Bridges in Mathematics Grade 5 Student Book Unit 1 Module 4 Session 3 Answer Key

Race Car Problems

Question 1.
Race cars can drive about 5 miles on 1 gallon of gasoline. If a race car goes 265 miles in one race, about how many gallons of gasoline will it use? Show all your work. Note: You can use the base ten area and linear pieces to help solve this problem.
53 gallon.

Explanation:
Race cars can drive about 5 miles on 1 gallon of gasoline.
If a race car goes 265 miles in one race,
Total gallons of gasoline will it use, 265 ÷ 5 = 53 gallon.

Question 2.
There were 43 cars in the race. They all finished the 265 miles of the race and they each used about 1 gallon of gas to go 5 miles. About how many gallons of gas did the cars use altogether to finish the race? Show all your work.

2,279 gallons.

Explanation:
Given that,
There were 43 cars in the race.
They all finished the 265 miles of the race and they each used about 1 gallon of gas to go 5 miles.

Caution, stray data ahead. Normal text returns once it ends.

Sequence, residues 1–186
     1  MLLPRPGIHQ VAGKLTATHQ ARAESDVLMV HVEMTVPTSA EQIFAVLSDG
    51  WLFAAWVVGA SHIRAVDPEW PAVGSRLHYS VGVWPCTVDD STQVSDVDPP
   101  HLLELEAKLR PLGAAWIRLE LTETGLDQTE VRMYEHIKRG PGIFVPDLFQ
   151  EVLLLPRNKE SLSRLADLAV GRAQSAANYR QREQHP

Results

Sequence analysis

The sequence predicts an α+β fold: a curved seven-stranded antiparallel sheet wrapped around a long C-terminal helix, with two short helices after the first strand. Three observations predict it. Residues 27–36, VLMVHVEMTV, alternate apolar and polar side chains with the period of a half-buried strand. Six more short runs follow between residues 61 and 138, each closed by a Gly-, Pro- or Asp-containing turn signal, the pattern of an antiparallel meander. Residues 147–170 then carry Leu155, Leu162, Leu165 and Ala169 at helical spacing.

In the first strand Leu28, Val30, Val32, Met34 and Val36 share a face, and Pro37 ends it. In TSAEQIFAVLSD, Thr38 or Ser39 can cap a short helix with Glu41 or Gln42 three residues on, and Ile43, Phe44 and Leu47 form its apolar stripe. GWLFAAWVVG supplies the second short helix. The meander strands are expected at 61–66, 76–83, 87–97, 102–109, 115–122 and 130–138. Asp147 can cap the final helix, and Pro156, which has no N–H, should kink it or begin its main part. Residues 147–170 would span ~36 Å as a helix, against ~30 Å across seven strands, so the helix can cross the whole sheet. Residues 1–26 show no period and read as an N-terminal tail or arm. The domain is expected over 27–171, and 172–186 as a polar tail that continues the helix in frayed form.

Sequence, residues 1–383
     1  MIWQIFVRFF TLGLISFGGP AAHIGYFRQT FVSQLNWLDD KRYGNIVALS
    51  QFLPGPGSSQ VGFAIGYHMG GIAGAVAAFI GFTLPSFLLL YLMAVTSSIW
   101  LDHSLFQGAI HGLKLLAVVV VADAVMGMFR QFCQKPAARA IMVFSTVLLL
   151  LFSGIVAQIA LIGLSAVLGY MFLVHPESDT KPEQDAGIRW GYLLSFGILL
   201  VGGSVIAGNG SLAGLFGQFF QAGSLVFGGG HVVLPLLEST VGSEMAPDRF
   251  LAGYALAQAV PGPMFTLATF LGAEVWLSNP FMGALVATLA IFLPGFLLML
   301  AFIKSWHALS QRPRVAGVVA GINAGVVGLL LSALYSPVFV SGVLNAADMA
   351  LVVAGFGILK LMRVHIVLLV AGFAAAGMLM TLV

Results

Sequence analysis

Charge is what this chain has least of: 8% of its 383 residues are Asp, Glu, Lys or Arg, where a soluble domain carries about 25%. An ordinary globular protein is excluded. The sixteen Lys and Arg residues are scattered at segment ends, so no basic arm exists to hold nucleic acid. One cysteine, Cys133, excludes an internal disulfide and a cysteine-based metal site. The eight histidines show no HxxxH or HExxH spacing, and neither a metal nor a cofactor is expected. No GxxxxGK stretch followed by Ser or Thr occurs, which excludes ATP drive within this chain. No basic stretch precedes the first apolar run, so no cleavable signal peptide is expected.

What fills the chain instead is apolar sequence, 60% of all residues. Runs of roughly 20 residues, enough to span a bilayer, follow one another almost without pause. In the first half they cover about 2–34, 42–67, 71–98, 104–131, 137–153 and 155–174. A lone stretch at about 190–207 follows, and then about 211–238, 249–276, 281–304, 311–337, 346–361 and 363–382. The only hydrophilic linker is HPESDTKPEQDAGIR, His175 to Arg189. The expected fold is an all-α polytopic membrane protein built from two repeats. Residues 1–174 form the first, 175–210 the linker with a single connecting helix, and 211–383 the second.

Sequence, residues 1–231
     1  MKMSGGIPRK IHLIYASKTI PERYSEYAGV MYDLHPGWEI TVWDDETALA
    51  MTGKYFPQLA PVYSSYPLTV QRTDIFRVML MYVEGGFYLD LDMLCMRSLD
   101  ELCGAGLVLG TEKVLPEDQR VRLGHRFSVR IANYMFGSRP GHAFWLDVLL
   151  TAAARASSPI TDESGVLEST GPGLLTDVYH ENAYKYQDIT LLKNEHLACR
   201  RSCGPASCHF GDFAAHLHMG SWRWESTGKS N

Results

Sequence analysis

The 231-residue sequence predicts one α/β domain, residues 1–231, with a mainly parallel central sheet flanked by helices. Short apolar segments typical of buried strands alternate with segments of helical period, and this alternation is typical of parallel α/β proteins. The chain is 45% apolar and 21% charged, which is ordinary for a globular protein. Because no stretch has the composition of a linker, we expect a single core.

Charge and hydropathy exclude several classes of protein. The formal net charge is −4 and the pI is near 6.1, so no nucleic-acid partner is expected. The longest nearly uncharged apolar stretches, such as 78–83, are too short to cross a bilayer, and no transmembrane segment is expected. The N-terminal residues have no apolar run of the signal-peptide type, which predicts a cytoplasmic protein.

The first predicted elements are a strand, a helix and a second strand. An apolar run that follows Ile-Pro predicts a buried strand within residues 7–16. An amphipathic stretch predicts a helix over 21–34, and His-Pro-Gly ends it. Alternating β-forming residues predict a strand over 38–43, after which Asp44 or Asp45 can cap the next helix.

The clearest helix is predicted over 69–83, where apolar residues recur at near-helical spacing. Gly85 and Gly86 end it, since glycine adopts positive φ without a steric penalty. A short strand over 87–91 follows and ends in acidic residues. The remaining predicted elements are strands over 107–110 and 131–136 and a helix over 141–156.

Total gallons of gasoline will it use, 265 ÷ 5 = 53 gallons.
Total gallons of gas did the cars use altogether to finish the race, 53 × 43 = 2,279 gallons.

Bridges in Mathematics Grade 5 Student Book Unit 1 Module 4 Session 4 Answer Key

Quotients Win, Game 2

Red Team ________

Question 1.

140 ÷ 10 = ____
14

Explanation:
First mark 140 boxes and then divide them into base 10.
we get, 10 + 4 = 14 boxes.
140 ÷ 10 = 14

Question 3.

100 ÷ 20 = ____
5

Explanation:
First mark 100 boxes and then divide them into base 20.
we get, 5 boxes.
100 ÷ 20 = 5

Question 5.

100 ÷ 10 = ____
10

Explanation:
First mark 100 boxes and then divide them into base 10.
we get, 10 boxes.
100 ÷ 10 = 10

Red score _________

Blue Team ________

Question 2.

300 ÷ 20 = ____
15

Explanation:
First mark 300 boxes and then divide them into base 20.